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Roswell campaign brings community together

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ROSWELL, Ga. — Amid the uncertainty wrought by the COVID-19 pandemic, one Roswell family has stepped up to strengthen community ties.

The effort has culminated in the “We Are Roswell” campaign, designed by resident Nicole Howell and her family. She is creating and disseminating yard signs reading, “Together We Are Roswell” in a show of solidarity and support during the trying times.

“I had the idea several weeks ago [in late March] with the coronavirus and shelter-in-place order,” Howell said. “Roswell is such a great town, and I figured that people would love to do something at their homes to show that they love the town and that they’re supporting each other… It’s a fun way for people to help when they’re not so sure what to do.”

Howell sells each sign for $24, with all proceeds going to local charities to support neighbors affected by the crisis. Currently, Howell has been donating funds to a local school meal program started by Wild Slice Pizzeria owner Mike Thomas and his wife Cristy, a special needs kindergarten teacher at Esther Jackson Elementary School.

Together we are Roswell

The funds go to local restaurants, which in turn create and distribute meals to students in need. Several area restaurants are participating, including Gracious Plenty Bakery & Breakfast, PURE Taqueria, From the Earth Brewing Company, Big Oak Tavern and American Pasta Factory.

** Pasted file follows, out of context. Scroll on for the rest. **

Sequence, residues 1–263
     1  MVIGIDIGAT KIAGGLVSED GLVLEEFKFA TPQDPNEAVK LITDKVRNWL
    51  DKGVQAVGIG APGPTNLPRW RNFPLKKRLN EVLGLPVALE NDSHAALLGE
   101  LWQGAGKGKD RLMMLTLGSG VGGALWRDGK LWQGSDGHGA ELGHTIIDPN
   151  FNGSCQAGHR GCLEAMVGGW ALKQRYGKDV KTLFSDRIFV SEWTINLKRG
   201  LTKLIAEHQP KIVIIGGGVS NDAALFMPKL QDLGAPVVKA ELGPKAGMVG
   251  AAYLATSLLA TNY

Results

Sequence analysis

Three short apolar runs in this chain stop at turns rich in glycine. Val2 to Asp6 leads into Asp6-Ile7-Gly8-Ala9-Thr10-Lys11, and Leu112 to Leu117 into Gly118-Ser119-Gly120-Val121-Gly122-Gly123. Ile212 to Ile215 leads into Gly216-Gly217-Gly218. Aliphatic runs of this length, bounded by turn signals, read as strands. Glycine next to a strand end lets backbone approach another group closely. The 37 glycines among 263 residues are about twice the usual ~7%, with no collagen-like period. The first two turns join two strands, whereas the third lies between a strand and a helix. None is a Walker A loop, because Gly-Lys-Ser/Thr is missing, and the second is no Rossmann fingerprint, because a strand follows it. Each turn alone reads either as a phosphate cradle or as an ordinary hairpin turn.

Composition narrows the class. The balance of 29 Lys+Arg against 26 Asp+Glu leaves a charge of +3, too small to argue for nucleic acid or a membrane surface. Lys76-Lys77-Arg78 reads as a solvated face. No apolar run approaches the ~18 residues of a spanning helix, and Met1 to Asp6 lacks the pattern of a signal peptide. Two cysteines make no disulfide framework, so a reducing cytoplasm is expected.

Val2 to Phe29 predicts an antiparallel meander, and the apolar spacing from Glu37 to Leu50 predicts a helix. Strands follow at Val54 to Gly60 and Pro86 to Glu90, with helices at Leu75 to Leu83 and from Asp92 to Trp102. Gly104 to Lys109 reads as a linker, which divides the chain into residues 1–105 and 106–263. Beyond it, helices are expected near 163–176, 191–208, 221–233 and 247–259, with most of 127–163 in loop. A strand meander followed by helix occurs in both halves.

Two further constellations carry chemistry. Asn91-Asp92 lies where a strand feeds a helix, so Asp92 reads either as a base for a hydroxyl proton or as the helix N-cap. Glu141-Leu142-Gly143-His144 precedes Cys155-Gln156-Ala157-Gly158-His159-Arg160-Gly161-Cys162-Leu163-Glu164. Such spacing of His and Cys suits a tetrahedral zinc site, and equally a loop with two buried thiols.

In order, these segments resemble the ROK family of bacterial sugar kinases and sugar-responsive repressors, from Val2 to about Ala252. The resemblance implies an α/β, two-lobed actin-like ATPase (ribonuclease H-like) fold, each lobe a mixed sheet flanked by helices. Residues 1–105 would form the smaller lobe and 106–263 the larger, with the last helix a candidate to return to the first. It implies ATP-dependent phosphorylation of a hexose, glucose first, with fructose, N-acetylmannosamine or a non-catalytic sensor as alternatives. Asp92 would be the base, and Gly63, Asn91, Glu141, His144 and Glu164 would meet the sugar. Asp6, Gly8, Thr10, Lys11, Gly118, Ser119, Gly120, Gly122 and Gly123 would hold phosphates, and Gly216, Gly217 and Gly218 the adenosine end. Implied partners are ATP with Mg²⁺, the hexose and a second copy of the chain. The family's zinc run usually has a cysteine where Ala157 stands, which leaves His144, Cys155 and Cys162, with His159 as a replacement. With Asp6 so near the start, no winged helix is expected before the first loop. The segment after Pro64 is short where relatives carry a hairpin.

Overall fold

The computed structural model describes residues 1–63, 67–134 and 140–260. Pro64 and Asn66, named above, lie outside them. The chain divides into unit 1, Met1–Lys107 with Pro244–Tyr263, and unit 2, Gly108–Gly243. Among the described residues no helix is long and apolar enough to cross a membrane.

“The program supports more than one aspect of the community,” Howell said. “It’s such a great thing to do, because it supports local restaurants, but then it also helps hungry kids that are right here going to our schools in Roswell.”

Thomas has been working with Howell to spread the funds to different restaurants each week. So far, Howell said she has donated more than $5,000 from about 450 yard signs, with new orders coming in every day.

This is Howell’s first foray into a community campaign and fundraiser. She said the idea was born out of watching residents band together during times of tragedy and hardship.

“I was thinking about the way a lot of times Roswell will decorate their mailboxes during difficult times,” Howell said. “I thought maybe we could try something similar to that. That’s when I decided a sign with an uplifting slogan would be something people would want to put in their yards.”

All-in-all, Howell said, the campaign has been a win-win for everyone, including participants, restaurants and students.

“It gives you a sense of pride in your community,” Howell said. “We’re not in this alone. We’re all in this together. We’re all trying to do our part to help our community and stay positive and do good for others, because this is a really difficult time.”

For more information and to request a yard sign, visit

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